I then added an HP LJ 2300 (plugged into the '318) and configured direct
    routes (I think that's what Netgear calls making the HP's IP address
    "visible" to the computers on the networks) in each of the '614's.

    All computers could share the DSL service, and print to the HP printer
    without problem. Everything seemed fine.

    All worked for about a week. Then one of the 614 router's stopped
    functioning. I could not ping from or to any computer connected to that
    router. A router reset (reset button on the back) fixed it, temporarily. A
    week later the problem repeated. I replaced the router with a new one,
    figuring that it had an intermittent problem.

    All was fine for another week. Today, the same problem occurred, with the
    same router.

    Is it possible that the FVS318 is causing these problems in the 614? What
    else could cause these symptoms?

    Someone suggested a DHCP lease expired and wasn't renewed. How can I check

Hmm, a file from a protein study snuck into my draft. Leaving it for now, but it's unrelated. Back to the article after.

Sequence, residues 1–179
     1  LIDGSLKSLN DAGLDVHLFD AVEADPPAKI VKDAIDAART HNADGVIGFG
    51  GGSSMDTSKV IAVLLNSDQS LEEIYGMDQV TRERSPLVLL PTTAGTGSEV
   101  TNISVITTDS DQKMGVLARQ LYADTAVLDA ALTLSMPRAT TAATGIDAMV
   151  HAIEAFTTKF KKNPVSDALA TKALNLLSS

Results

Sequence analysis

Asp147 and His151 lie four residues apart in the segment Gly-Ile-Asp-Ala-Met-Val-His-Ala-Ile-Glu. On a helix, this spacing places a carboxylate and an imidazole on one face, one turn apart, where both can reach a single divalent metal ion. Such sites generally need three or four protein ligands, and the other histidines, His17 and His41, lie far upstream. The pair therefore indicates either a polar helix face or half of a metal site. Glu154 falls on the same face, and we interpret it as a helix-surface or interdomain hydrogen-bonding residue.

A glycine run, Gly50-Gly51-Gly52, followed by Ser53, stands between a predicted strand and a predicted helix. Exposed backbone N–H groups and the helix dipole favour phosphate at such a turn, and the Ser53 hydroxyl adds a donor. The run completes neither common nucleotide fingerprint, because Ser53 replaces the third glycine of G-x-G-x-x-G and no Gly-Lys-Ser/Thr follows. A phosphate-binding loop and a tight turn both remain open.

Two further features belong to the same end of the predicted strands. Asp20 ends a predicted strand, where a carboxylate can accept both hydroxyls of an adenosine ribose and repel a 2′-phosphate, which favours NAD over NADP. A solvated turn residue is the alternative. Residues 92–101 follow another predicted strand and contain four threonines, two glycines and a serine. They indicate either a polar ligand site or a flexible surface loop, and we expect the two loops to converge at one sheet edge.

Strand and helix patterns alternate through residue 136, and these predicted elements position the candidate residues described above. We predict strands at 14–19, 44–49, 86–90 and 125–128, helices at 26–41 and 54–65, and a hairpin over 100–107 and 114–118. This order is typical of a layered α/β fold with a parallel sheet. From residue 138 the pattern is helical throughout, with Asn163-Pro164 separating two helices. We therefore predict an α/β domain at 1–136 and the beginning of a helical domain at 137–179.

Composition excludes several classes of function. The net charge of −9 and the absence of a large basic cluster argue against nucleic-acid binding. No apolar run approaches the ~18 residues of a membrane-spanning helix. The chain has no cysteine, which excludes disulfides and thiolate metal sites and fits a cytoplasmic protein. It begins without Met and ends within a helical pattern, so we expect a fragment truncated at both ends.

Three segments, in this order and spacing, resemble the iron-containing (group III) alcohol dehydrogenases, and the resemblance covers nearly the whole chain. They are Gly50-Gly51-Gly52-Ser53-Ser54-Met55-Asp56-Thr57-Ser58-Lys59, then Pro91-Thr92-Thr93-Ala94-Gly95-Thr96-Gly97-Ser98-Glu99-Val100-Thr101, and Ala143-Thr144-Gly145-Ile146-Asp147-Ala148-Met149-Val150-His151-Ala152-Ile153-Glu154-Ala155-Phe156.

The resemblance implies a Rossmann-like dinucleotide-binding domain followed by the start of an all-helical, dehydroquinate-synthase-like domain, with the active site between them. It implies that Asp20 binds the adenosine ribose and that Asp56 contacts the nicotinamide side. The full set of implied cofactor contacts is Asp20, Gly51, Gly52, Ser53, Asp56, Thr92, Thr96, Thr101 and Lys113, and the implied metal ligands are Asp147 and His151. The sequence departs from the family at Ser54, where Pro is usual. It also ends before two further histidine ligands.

for a lease expiration?

    Thanks,
    --
    DaveC
    net
    This is an invalid return address
    Please reply in the news group

    DaveC Guest

  7. #7

    Default Re: Network router problem

    In article <individual.net>,
    DaveC <net> wrote:
     

    I don't know about the Netgear routers, but my Linksys display's the
    lease remaining time on its main configuration page. However, if the
    two 614s have unique IP addresses, then they're not using DHCP to obtain
    them and there's no lease to expire.

    What happens if you switch the two 614s?

    --
    There are 10 kinds of people in the world:
    those who understand binary, and those who don't.

    Tom Stiller

    PGP fingerprint = 5108 DDB2 9761 EDE5 E7E3
    7BDA 71ED 6496 99C0 C7CF
    Tom Guest

  8. #8

    Default Re: Network router problem

    (added comp.protocols.tcp-ip where this really belongs)

    DaveC wrote:
     
     

    That is what I would do if I wanted security between two nets
    using a common WAN connection.
     

    Well, they really need separate subnets. Is that what you mean?
     

    Anything on the 318 side should be visible to the other machines
    without doing anything special.

    Machines connected to the 614s must have the default route
    pointing to the appropriate 614, but DHCP should do that for you.

    The printer should have a static address on the appropriate net,